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Behind the Wall: Bob Simmons

Thursday, 7 September 2017

Principal Bob Simmons, AIA, says higher education is akin to urban planning, which makes it a nice work space to inhabit. “The client is the steward of the whole village, and is sensitive to how each building affects not only its village, but the world.”

This interest in a holistic approach to uncover the essence of design is something Bob gravitated toward early on, and continues to bring to the forefront in his work today. Having recently joined Shepley Bulfinch, he is focused on expanding projects within his niche – student life and dining – to produce a more comprehensive portfolio in the higher education sector.

To further welcome and introduce Bob, here is a selection of his design experiences.

Bob_Simmons_WorkingHow did your architectural journey start?

I began studying architecture at Carnegie Mellon under Delbert Highlands. His class was a cross between Mad Men and Good Will Hunting, and he focused on the ‘ness’ of everything – usefulness, playfulness, what does a wall want to be. It was great training for a future of long hours and architectural deadlines.

Have you always worked in the higher education sector? If not, what made you switch?

My first true architectural job was in Dallas, where I gained experience in construction, aviation, multi-family and education. I decided to zero in on higher ed. because I found a thoughtfulness in clients, consultants and contractors that was missing in my other work.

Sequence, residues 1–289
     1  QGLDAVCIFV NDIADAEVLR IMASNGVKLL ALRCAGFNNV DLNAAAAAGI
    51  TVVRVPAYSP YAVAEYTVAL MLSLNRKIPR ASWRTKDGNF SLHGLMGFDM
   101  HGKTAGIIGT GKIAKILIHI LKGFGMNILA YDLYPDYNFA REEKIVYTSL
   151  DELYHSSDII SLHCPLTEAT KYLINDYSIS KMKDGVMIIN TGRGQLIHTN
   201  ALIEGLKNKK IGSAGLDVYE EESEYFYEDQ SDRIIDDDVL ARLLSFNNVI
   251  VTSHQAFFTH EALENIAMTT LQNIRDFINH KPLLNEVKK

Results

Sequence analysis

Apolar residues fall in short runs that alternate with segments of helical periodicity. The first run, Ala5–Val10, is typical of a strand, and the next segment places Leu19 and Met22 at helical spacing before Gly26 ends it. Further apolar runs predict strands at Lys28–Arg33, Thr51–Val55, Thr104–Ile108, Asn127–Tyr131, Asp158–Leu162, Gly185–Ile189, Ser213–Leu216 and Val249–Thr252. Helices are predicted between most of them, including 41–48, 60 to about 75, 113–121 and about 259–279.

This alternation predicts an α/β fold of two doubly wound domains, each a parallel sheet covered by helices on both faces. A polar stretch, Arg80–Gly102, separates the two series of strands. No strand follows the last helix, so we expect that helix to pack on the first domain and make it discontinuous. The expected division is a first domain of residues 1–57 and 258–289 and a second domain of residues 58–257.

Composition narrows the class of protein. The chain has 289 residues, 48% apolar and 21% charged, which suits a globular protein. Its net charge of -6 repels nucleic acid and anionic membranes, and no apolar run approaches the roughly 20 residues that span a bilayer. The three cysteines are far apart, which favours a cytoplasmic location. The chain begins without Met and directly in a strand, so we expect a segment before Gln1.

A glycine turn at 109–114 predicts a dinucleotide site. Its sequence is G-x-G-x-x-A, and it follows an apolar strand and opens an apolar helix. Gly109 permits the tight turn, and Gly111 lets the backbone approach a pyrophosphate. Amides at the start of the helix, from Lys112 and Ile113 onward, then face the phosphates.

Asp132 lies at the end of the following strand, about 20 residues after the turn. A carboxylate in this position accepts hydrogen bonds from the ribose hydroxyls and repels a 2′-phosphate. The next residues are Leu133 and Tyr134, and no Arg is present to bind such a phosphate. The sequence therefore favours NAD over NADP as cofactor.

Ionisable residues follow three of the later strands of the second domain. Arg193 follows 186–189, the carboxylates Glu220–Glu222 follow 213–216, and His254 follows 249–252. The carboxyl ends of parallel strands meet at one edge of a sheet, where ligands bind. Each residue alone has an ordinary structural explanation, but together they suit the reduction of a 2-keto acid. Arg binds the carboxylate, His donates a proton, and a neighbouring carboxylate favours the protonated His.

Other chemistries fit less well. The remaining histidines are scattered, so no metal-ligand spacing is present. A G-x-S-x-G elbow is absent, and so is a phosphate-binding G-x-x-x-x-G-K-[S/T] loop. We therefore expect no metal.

What would you say are your top skills?

I consider myself equally left and right-brained, my ‘calm in the storm’ demeanor, and my tenacity and patience. These attributes help me successfully tackle technical and aesthetic design challenges, build consensus and stay engaged and on track through long-term projects.

What makes a client relationship strong?

All relationships are based on trust. Establishing goals and distilling down to a set of common values goes a long way. Once a client gets to know me, they understand that I ‘m working for them, as well as for my firm.

What are current trends in student life?

Student life work is truly beginning to shift towards a focus on the whole student. This means student success both during and long after the college experience, in personal and professional life, in health, nutrition and wellness. As I concentrate on designing the social hubs of campuses, it means looking at places for gathering, conversations, building community in a world where technology has created a more connected, but more sterile world. We ‘ve lost connections with nature, with our food, and with world culture that we need to restore.

How do you see architects in the context of this evolution?

As designers, we are charged with interpreting the needs of the campus and the students, to create places and programs that exert a positive influence on student success, through memories, both spatial and cultural, through making healthy environments via the selection of our building materials and the design of our building systems, and by supporting healthy food in student dining. Some of these experience and lessons will stay with the student for a lifetime.

What are your values in your own practice?

Commodity, firmness, and delight. Ok, I ‘m stealing Vitruvian values from 15 BC, but astonishingly 2,000 years later, they still apply to my practice. Another translation of this is utility, strength and beauty.

Where/how do you learn?

I believe people really learn the most when they do things together. The act of doing solidifies memories and knowledge. Reading is second – where the words are thoughtfully conceived and committed to the page.

How would you like to be described by others?

Engaging, healthy, happy and thoughtful. I would hope people say they ‘d enjoy sharing a journey with me. I think we all want that.

 


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